The Respondent's due diligence enquiries, in regards to whether there are grounds for a workplace investigation and/or commencement of a discipline process, are continuing.  On 21 July 2023, the Respondent received a response from the Office of the Director of Public Prosecutions.  The Respondent is currently awaiting a response from the Queensland Police Service, before making a decision on the next steps.  While the enquiries have taken some time, given they are dependent on the provision of information by third parties, the delay is largely outside of the Respondent's control.  Relevantly, since 8 May 2023, the Appellant has now been suspended on normal remuneration.[34]

  1. [57]
    With respect to the second matter, it was submitted by the Respondent on 24 July 2023 that the Appellant's teacher registration remains suspended by QCT.[35]
  1. [58]
    A further update on the status of those two matters was sought by the Commission on 12 December 2023. 
  1. [59]
    With respect to the first matter, on 12 December 2023 the Respondent reported that:

The Respondent made an information request to the Director of Public Prosecutions (DPP) on 19 July 2023 requesting the brief of evidence and other relevant information, and received a response on 21 July 2023 with limited information due to the restrictions on disclosure under the Director of Public Prosecutions Act 1984.  The Respondent then made an information request to the Queensland Police Service (QPS) on 21 July 2023, requesting the brief of evidence they provided to the DPP.  The Respondent received a response from the QPS on 13 October 2023, containing further information / evidence.  The Respondent is currently considering the information from both the DPP and QPS to determine whether there are grounds to commence an investigation and / or a disciplinary process.[36]

  1. [60]
    The Respondent also confirmed that the Appellant's teacher registration remained suspended by QCT, as at 12 December 2023.

Consideration

  1. [61]
    In this appeal, I must determine whether the Decision was fair and reasonable.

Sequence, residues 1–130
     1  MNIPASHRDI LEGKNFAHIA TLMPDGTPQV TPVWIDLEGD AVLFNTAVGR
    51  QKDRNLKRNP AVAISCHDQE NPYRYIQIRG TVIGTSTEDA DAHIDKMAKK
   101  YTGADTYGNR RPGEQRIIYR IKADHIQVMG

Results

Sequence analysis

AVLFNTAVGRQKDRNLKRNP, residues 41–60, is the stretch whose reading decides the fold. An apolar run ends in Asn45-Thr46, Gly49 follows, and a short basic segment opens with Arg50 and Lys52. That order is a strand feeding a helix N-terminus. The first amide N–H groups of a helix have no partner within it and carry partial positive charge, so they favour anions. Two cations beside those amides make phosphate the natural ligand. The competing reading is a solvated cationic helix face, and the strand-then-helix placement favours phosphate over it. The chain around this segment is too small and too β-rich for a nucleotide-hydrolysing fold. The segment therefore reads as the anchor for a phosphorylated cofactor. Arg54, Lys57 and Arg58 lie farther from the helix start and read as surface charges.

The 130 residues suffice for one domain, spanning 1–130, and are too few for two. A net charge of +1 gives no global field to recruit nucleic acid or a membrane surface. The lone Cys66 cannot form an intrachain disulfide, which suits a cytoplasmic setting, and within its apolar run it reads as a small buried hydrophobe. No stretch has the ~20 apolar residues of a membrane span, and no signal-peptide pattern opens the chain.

1. [62]
    That involves a review of the Decision[37] arrived at and the associated decision-making process. 
  1. [63]
    Section 101 of the PS Act provides for the suspension of a public service employee as follows (emphasis added):

101 Suspension

  1. (1)
    A public sector employee's chief executive may, by notice, suspend the employee from duty if the chief executive reasonably believes
  1. (a)
    the employee is liable to discipline under a disciplinary law; or
  2. (b)
    the proper and efficient management of the entity might be prejudiced if the employee is not suspended.
  1. (2)
    The notice must state—
  1. (a)
    when the suspension starts and ends; and
  2. (b)
    whether the employee is entitled to remuneration for the period of the suspension; and
  3. (c)
    the effect that alternative employment may, under subsection (5), have on any entitlement to remuneration for the period of the suspension.
  1. (3)
    However, before suspending the employee, the chief executive must consider all reasonable alternatives available to the employee.

Examples of reasonable alternatives which may be available to the employee—

  • alternative duties
  • a change in the location where the employee performs duties
  • another alternative working arrangement
  1. (4)
    The employee is entitled to normal remuneration for the period of the suspension, unless
  1. (a)
    the employee is suspended under subsection (1)(a); and
  2. (b)
    the employee's chief executive considers it is not appropriate for the employee to be entitled to normal remuneration for the period of the suspension, having regard to the nature of the discipline to which the chief executive believes the employee is liable.

  1. (8)
    The chief executive may cancel the suspension at any time.